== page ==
The Night Everything Fell Apart by Joy Nash

The Night Everything Fell Apart

From the "The Nephilim" series, volume 1
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KIRKUS REVIEW

Nash’s (Looking for a Hero, 2016, etc.) energetic prose drives this supernatural, erotic romance that offers a new twist on the Arthurian legend.

This first novel in a planned series sets the stage for a clash of realms, beginning with the coming-of-age of Arthur Camulus. Arthur, 19, is the only living, direct descendant of Merlin, “the most powerful Nephil ever to walk the Earth.” As a Nephil—the offspring of a fallen angel and a human—Arthur is scheduled to activate his magical Druid powers at age 20. But before that happens, he goes rogue to escape Mab, his clan’s alpha, who has plans to enslave him. Arthur’s lover, Cybele, joins him in Wales,* where he aims to develop his powers independently, following a solo “Ordeal” with “No guide, no mentor.” He attracts the attention of not only Mab, but also the three archangels who run Heaven while God naps—Raphael, Michael, and Gabriel—and Vaclav Dusek, the alpha of a rival clan. Dusek furthers his aim to unleash demonic forces into the world while Raphael advances his own independent agenda. Arthur and Cybele, along with Cybele’s twin, Luc, escape Dusek and are safe in a London apartment—as long as they stay inside and don’t do magic. But with “hellfiends” swarming the world, how long can that last? Erotic scenes dot the novel, and the sparkiest involve Mab and her accoutrements (“A ball gag….A massive strap-on dildo”). The foreplay between Arthur and Cybele is sometimes painful to read, though, as when her nails “barely” scrape “the tip of his engorged penis.” Characters occasionally get convenient amnesia, apparently to advance the plot: “How could she have forgotten?” thinks Cybele when her blood accidentally triggers Arthur’s demonic side. The worldbuilding is generally strong, however, and it will sweep readers through the story. Taut prose prevails throughout: “Luc flicked his wrists, calling his hellfire. Sparks of green gathered in his palms. One good blast combusted the corpse. Flesh and bone burned.” That said, the overused term “magic” could have used some fresh alternatives.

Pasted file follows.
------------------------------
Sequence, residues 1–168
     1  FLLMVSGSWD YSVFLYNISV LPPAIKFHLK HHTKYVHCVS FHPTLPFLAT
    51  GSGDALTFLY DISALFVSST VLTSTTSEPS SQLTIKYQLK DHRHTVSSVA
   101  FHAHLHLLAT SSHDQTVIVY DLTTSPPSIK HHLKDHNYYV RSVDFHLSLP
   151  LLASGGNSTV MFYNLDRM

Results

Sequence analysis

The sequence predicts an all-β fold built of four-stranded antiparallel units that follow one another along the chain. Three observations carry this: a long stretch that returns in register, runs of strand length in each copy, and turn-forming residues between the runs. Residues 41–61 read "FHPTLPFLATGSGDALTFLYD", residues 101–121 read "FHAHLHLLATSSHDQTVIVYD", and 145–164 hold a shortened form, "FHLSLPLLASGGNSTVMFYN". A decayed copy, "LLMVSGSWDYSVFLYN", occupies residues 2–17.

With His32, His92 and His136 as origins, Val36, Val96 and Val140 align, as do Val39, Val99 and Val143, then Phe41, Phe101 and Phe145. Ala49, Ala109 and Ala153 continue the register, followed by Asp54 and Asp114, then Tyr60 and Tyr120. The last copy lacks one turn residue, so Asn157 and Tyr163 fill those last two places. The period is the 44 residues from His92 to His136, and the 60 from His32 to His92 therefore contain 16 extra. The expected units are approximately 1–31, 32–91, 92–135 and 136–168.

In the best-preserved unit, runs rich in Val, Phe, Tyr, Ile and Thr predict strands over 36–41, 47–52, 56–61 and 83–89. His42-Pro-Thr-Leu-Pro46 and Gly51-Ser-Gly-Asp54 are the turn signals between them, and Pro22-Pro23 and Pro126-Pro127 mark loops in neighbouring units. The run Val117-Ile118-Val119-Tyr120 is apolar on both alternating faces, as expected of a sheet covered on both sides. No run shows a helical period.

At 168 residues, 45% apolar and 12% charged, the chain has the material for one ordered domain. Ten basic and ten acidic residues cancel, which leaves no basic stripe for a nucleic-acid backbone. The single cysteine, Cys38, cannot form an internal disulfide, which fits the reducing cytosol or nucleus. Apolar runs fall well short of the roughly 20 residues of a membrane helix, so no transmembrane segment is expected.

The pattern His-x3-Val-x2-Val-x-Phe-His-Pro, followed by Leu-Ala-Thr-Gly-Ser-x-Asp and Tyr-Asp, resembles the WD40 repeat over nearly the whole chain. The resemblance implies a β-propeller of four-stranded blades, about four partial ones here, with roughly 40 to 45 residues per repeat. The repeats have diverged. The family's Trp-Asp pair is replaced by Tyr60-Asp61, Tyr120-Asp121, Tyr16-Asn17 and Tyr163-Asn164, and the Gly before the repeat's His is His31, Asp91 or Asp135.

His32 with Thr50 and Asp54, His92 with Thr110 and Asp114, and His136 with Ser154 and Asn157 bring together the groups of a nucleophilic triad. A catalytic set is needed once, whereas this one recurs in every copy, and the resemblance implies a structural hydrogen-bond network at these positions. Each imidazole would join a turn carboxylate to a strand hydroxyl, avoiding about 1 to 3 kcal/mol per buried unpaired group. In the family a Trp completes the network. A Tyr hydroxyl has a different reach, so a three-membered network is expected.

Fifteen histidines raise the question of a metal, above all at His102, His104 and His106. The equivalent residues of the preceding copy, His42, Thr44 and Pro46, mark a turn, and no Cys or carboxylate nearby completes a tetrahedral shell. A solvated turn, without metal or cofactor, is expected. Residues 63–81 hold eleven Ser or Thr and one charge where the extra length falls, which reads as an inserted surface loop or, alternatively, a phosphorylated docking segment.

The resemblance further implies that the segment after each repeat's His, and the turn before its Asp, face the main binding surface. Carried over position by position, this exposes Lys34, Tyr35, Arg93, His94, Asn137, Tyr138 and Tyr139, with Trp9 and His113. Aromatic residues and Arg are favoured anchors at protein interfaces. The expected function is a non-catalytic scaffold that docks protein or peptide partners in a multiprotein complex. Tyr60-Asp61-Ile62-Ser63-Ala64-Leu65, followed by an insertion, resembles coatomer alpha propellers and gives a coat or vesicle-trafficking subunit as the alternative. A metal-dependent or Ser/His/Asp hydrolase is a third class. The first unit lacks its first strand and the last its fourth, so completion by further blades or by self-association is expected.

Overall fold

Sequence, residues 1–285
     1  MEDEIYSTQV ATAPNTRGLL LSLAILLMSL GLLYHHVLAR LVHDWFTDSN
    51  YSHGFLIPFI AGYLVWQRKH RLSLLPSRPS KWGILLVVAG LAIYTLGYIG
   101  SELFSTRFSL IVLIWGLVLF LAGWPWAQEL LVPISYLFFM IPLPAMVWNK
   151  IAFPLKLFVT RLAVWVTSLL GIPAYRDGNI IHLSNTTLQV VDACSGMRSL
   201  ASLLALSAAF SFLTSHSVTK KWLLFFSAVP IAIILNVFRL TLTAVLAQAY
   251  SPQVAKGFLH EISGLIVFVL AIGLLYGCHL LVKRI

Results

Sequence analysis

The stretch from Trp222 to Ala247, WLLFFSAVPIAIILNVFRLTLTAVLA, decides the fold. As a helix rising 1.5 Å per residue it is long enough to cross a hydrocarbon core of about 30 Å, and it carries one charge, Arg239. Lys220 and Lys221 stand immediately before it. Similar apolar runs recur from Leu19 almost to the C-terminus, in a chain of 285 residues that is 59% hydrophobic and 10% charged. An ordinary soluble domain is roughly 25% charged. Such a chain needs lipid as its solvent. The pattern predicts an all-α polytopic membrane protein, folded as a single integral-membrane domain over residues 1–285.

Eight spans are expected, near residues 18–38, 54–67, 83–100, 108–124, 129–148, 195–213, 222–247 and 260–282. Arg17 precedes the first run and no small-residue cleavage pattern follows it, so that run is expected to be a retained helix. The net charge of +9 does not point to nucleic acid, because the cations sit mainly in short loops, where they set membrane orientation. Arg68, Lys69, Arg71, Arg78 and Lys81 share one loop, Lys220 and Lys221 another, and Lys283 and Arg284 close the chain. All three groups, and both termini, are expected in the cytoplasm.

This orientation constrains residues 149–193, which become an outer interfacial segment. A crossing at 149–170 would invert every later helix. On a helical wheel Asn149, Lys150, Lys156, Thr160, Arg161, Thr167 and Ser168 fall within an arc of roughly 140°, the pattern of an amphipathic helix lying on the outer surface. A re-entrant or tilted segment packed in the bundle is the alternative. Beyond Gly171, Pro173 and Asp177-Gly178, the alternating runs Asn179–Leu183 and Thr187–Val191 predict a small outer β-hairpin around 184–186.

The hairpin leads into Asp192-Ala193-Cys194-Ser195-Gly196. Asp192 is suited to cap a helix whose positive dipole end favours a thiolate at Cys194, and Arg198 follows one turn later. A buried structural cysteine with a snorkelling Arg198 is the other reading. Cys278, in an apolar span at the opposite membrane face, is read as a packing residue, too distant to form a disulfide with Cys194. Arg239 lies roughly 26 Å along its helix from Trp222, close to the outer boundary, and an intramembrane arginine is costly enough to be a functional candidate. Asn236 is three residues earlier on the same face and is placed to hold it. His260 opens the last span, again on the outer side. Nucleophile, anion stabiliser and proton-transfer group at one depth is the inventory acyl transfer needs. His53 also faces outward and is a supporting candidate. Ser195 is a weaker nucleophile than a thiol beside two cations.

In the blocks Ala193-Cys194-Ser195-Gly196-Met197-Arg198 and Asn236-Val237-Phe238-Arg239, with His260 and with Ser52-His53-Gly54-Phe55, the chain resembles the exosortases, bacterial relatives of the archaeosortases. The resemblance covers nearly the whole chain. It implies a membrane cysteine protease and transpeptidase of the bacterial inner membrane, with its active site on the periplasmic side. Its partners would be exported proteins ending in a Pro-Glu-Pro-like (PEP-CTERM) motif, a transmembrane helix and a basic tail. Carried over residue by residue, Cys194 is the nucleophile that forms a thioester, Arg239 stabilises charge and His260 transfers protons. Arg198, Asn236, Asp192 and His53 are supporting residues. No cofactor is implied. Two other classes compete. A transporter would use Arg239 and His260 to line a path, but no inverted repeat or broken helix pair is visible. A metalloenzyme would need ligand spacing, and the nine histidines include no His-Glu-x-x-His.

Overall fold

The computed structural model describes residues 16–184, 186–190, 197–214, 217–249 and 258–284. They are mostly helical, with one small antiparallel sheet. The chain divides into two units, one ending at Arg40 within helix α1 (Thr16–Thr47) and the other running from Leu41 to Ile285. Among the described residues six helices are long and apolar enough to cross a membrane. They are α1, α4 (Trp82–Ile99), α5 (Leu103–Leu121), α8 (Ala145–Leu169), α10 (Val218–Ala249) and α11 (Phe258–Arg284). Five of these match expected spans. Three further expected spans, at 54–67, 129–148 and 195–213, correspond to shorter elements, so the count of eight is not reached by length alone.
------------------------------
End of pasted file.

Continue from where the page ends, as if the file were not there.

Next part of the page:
A series starter for readers who like their romances with hard-charging plots and light character development.

Pub Date: Sept. 16th, 2016
ISBN: 978-1-941017-01-2
Page count: 370pp
Publisher: Self
Program: Kirkus Indie
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